I started my blog because I love to read and wanted to get my inner voice out. WordPress and other services like it make it easier than ever to bring those thoughts to a wider audience. Be your own voice, blog.

To the Writers: I would not say I’m overly qualified in this area, but if I could say one thing on the topic: read 78 reasons why your book may never be published and 14 reasons why it just might by Pat Walsh. There is wisdom, understanding and some harsh medicine within those pages.

SCy-Fy: Just between us – your secret list of useful resources?

QFBB: Sorry, no secret, just a well-used truism, something we have all heard before from our parents or teachers:

If you do not ask, you cannot receive.

It’s not much, but it is powerful. The simple act of asking can be terrifying, but ultimately liberating. For example, you want to review books, you have started with the books you already own and you have your own blog, but you want more, maybe to get out to a larger audience. One option is to contact the larger review sites, the sites you read yourself and ask them if they need reviewers; there is no shame in asking and while some may say no, it only takes one to say yes.

Remember, No is only a word. Just because you have been told “no”, it does not mean you have to quit; it may mean that you simply need to change your approach and/or readjust your own expectations, but keep plugging away, persistence does pay off.

SCy-Fy: Traps in SFF blogging?

QFBB: There are ways to make blogging a business and for some this can work, but for most of us this is about having fun, getting your ideas and thoughts out there for the love of the process, not for the gain it can give you. Start with this in mind and if you can take it forward into a business, all the better. You want people to read your blog: the best approach, I think, is to be your own voice, and let yourself shine through.

SCy-Fy: Things that keep you going?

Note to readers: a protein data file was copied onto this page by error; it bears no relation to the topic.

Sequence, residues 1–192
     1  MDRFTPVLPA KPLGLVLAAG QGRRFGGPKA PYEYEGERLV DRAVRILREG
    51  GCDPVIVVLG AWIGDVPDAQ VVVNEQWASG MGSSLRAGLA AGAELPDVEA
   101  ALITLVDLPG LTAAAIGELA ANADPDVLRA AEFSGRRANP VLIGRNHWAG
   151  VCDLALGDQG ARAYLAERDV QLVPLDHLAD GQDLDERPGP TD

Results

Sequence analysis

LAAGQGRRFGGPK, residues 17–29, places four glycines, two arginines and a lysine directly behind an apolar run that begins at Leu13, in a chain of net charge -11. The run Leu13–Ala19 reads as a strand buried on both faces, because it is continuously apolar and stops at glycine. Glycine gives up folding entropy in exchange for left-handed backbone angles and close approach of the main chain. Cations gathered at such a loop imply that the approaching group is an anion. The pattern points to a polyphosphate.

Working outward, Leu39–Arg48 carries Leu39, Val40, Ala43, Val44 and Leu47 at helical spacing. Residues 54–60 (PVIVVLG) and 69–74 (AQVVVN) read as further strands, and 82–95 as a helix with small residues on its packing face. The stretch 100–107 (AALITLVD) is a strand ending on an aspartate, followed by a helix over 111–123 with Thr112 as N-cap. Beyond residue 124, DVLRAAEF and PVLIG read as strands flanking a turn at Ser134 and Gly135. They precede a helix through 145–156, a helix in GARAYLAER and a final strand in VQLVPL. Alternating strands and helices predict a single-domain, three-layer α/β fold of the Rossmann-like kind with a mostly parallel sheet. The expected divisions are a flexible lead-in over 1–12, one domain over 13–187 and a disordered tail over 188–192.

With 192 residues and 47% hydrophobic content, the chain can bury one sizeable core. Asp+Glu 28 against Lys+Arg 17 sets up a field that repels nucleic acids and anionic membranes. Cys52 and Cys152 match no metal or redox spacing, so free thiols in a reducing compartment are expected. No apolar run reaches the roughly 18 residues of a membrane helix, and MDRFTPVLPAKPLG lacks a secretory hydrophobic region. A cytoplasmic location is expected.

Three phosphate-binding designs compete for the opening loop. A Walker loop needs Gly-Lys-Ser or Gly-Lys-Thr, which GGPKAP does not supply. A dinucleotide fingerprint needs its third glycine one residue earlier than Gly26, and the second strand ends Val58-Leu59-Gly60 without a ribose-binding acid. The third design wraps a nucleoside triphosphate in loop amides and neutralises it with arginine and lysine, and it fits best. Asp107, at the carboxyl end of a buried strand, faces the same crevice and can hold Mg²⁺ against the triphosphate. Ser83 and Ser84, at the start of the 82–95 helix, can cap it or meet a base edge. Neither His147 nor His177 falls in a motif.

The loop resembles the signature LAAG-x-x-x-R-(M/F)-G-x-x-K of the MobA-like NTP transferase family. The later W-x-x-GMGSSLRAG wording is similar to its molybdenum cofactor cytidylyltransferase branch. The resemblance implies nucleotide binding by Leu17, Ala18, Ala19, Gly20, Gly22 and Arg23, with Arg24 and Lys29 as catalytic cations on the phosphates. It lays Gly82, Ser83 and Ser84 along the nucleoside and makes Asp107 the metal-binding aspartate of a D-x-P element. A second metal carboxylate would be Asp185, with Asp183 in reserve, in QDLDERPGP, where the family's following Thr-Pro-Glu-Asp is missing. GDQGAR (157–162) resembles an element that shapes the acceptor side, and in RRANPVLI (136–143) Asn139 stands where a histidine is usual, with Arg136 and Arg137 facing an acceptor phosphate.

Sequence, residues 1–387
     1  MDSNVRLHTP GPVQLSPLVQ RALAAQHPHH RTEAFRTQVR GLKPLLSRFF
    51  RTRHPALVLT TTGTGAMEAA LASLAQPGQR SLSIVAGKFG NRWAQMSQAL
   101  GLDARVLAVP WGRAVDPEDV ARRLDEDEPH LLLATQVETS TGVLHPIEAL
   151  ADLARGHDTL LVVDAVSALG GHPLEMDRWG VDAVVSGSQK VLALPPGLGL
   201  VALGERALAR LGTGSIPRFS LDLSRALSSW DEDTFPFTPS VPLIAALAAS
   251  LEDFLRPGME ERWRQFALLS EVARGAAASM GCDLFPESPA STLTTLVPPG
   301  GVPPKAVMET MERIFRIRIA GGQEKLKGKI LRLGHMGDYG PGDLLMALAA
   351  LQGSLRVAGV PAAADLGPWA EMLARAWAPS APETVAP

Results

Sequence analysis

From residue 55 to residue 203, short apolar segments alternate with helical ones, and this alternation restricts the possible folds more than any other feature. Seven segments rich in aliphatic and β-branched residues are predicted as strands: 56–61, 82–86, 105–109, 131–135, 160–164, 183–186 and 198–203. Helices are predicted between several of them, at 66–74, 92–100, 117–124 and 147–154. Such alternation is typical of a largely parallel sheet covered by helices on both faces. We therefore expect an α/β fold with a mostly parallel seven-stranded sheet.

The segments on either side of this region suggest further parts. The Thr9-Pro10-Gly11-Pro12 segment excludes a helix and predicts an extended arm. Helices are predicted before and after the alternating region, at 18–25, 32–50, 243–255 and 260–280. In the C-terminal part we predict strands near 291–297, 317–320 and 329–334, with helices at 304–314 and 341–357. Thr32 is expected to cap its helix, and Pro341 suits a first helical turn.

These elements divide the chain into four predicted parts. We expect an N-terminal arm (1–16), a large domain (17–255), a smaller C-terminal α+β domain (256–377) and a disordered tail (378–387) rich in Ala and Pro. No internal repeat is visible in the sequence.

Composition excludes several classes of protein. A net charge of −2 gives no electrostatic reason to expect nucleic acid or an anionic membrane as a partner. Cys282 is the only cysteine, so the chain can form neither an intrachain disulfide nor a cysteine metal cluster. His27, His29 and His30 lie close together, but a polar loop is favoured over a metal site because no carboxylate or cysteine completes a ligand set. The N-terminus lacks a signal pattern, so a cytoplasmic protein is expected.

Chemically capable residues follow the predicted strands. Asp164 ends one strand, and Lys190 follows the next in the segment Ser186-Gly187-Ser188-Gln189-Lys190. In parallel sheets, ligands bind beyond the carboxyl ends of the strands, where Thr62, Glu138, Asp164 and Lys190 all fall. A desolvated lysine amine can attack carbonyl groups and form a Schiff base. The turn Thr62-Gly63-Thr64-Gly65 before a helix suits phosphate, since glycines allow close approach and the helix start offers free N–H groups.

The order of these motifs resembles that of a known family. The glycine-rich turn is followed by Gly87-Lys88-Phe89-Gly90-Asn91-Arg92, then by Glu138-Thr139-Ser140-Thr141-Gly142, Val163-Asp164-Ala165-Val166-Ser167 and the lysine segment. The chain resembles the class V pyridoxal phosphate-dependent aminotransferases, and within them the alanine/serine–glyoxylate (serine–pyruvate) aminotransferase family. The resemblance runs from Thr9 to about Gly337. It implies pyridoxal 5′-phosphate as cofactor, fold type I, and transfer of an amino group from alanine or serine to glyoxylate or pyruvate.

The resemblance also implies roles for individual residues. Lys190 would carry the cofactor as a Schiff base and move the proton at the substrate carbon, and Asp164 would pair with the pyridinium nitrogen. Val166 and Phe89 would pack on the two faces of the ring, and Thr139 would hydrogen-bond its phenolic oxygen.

QFBB: The words, the feeling I get when I see people are reading my posts, whether it’s one person or a hundred. It makes me happy

Also, I enjoy helping to promote authors, small and large. Writing is a tough game to get into and a tougher game to stay successful in. Helping those authors puts a smile on my face, so when I can, I promote authors I have been familiar with, have reviewed or interviewed. Every little helps, they say.

SCy-Fy: What have been the best books you have read recently?

QFBB: I love a good Fantasy Epic and have read a lot recently, A Crown for Cold Silver by Alex Marshall being the last. It’s up there with Sanderson for its Epicness, but I will always have a place in my heart for the one day-ers, those books you can sit down and read in a day. My favourite author of these has been and still is Simon R. Green. I am currently reading my way through the Secret History novels at the moment and loving them. But, having previously read the Nightside books, I knew I would. His dark humour just hits me every time.

SCy-Fy: Which upcoming releases are you most looking forward to?

QFBB: I am and always will be a massive Terry Pratchett fan and his loss lessens the literary world for me, so I am really looking forward to the release of The Shepherd’s Crown, the final Discworld book. I even went so far as to write my own farewell fiction after his passing.

SCy-Fy: Thank you, Ferg.

QFBB: Thank you!

Interview with Let’s Read

My guest today is SFF BookTuber Brock from Let’s Read.

SCy-Fy: How do you prepare for a show, Brock?